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A Wizard of Earthsea (The Earthsea Cycle) Mass Market Paperback – September 11, 2012
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"New and longtime Earthsea fans will be drawn to these impressive new editions."—Horn Book
About the Author
URSULA K. LE GUIN was born in Berkeley, California, in 1929, and passed away in Portland, Oregon, in 2018. She published over sixty books of fiction, nonfiction, poetry, drama, children’s literature, and translation. She was the recipient of a National Book Award, six Hugo and five Nebula awards, and was inducted into the American Academy of Arts and Letters.
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Ged is a flawed hero. Fueled by a rivalry with a fellow student, Ged's pride leads him to show off his power by practicing dark and forbidden magic. He ends up unleashing a shadow, and Ged's quest to ultimately hunt down this demon drives the rest of the novel. In this sense, the story is deeply personal. Even though it covers years of Ged's life, there is nothing epic about this tale. The story concerns Ged, and Ged alone.
In 1968, this story would have seemed vastly different than Tolkien's "The Lord of the Rings" or the sword and sorcery tales of Poul Anderson and Michael Moorcock. For one, there is nothing European about Earthsea. Rather, the people of its archipelago appear more like one might imagine hailing off the coasts of Africa, India, or Asia. Also, there's nary a sword to be found in "A Wizard of Earthsea." Instead, it's all about wizards, and wizards carry staves.
A story about wizards is naturally all about magic, and Le Guin creates one of the most interesting magic systems ever made, all based on the true name of things. A wizard who knows a thing's true name has power over it, and Le Guin harkens back to that theme throughout her tale. Reading it, I can't help but think it inspired modern fantasy like "The Name of the Wind," which employs a similar magic system.
Despite a few bouts of lengthy exposition, and conflict that waxes and wanes maybe more than it should, I was drawn into a story as if I was reading it for the first time. I wish it had not taken news of Le Guin's passing remind me of these tales, but I'm fortunate it did. "A Wizard of Earthsea" is a true classic, unique in its day and far ahead of its time. For anyone, particularly those who want to explore one of the roots from which modern fantasy was born, I highly recommend it.
I was reminded of Le Guin recently when I was reading an article about influential women writers and her name was on the list of ten presented by the author. It seemed like a kick in the pants that I needed to stick one of her books into my reading queue and finally make her acquaintance. I decided to start with the Earthsea Cycle, her series of fantasy adventures. A Wizard of Earthsea was the first in the series.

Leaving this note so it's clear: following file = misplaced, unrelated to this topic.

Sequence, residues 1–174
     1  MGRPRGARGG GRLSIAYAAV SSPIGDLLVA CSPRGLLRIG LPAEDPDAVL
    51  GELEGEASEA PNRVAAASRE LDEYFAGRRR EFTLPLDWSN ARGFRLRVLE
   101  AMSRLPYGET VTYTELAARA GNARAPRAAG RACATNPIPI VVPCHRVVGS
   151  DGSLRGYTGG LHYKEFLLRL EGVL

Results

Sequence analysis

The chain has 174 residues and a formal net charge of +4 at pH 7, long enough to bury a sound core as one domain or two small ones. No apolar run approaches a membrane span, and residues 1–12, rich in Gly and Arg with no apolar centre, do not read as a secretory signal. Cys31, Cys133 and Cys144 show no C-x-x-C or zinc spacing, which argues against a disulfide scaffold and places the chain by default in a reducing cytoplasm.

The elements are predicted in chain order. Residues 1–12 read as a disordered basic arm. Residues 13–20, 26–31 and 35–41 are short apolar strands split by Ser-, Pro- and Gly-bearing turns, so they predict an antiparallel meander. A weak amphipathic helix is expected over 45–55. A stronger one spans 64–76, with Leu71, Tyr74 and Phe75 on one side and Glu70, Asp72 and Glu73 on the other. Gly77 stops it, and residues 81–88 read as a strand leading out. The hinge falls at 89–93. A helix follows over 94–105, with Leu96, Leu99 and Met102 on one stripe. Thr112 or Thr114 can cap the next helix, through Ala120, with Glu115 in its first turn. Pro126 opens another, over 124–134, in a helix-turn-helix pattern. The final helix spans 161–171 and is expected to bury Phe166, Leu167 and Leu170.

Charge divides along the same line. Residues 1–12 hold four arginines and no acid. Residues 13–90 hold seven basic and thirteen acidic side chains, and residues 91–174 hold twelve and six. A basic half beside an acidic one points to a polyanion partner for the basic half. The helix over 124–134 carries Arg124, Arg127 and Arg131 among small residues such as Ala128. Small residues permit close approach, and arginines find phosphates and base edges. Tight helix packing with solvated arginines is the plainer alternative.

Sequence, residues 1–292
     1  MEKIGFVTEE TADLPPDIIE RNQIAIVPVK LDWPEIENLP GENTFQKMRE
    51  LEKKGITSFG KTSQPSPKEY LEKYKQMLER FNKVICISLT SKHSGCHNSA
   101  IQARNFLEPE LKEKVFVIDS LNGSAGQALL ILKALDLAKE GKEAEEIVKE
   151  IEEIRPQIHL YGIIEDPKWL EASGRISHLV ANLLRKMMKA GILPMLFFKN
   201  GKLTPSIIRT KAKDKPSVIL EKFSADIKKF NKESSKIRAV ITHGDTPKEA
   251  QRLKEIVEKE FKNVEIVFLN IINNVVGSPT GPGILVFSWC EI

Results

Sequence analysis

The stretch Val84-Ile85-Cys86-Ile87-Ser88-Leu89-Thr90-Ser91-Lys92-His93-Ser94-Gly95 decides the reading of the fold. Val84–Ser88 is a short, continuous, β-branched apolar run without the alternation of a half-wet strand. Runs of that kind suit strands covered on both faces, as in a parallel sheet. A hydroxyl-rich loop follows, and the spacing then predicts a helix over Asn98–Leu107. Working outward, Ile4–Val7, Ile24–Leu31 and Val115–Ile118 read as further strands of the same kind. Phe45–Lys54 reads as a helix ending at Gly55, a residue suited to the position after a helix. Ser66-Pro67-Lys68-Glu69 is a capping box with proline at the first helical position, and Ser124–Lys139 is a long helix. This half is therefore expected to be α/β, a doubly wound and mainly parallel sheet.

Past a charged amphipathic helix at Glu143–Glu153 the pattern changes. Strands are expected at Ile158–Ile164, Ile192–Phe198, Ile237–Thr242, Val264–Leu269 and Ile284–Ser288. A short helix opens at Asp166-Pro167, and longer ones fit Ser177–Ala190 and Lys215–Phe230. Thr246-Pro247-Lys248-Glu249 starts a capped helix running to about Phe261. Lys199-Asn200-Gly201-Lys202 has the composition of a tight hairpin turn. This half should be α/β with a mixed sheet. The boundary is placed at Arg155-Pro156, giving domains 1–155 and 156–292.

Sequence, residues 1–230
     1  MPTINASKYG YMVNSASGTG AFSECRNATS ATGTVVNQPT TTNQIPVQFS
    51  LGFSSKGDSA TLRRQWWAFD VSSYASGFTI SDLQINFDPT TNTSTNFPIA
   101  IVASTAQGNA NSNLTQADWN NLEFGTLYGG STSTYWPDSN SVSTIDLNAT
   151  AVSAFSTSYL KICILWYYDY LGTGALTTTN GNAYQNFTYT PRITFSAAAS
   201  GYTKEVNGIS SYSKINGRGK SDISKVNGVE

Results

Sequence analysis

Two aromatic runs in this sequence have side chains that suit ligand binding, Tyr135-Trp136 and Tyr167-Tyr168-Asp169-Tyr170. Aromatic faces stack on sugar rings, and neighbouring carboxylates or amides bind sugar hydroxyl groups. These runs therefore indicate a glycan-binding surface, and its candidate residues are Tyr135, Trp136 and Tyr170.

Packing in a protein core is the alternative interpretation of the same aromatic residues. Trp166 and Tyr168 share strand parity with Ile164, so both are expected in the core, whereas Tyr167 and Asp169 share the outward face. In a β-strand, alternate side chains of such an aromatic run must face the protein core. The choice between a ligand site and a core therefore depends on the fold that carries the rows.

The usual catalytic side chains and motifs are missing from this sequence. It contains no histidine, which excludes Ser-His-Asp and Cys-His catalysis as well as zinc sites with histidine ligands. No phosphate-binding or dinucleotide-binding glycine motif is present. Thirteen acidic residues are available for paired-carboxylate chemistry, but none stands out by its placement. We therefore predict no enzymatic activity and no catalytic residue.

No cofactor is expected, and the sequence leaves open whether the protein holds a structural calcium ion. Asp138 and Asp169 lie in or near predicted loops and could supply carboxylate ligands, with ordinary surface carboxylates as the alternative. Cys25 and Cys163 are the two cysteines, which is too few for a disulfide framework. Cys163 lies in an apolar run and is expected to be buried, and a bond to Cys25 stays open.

Earthsea is Le Guin's equivalent of Middle Earth or the Seven Kingdoms - a fantastical world where sorcerers, wizards, witches, and dragons hold sway. A Wizard of Earthsea introduces us to young Sparrowhawk, a child who early on shows that he possesses the powers of a wizard. He is sent to apprentice with a master called Ogion, and his true name, Ged, is revealed. But at a certain point, the impatient Ged comes to feel that Ogion is holding him back. He's teaching him foundational stuff but what the youth wants is to learn "real magic."
Ogion offers Ged the opportunity to go to a place called Roke where there is something like an academy of wizardry that has an advanced course of learning. There, Ged makes a friend, Vetch, but he also makes an enemy, Jasper. He and Jasper are consumed by jealousy of each other and they engage in schoolboy dares, each trying to best his opponent.
In response to one of Jasper's dares, Ged summons the spirit of a long dead woman, but when the spirit comes, there also comes a shadow that is loosed on the world. That shadow becomes Ged's nemesis. It hunts him to annihilate him. The rest of the story tells of Ged's quest to master the shadow and destroy it before it destroys him. As he becomes the hunter rather than the hunted, he is joined by his friend, Vetch.
Ged is a flawed character, a stereotypical cocky adolescent who thinks he knows it all. Even though he is a wizard of formidable talent, he screws up time and again and must spend much of his time trying to rectify his mistakes. He seems, in other words, altogether human.
The story reminds the reader of many others that concern the hero's journey. Most obviously, perhaps, is The Lord of the Rings with the perilous journey of Frodo and Sam. But it also has clear connections to the Arthurian legends and the struggles of the Knights of the Round Table against evil in the world. This is a much slimmer volume than those tales and much of it is taken up with exposition of Ged's childhood and adolescence, background material for the rest of the series.
It's interesting that there are no armies, no wars here and not much bloodshed - unless you count the blood of the six dragons that Ged kills. In an afterword to the Kindle edition which I read, the author makes the point that this was deliberate. She set out to write a fantasy featuring the struggle between good and evil that was not drenched in blood. In her telling of that struggle, the key turns out to be to know yourself and to remain true to that self. Another important key is to know the true name of the evil you are wrestling. To know a thing's true name is to know its nature and to be able to gain power over it.
Also, in the afterword, Le Guin makes a point that her heroes in the story are people of color, a refreshing change from most contemporary fantasies or sci-fi of the time this book was published in which the heroes are almost always white guys. Even though she didn't make a big point of the characters' color in telling the story, this was her subtle bit of subversion back in 1968.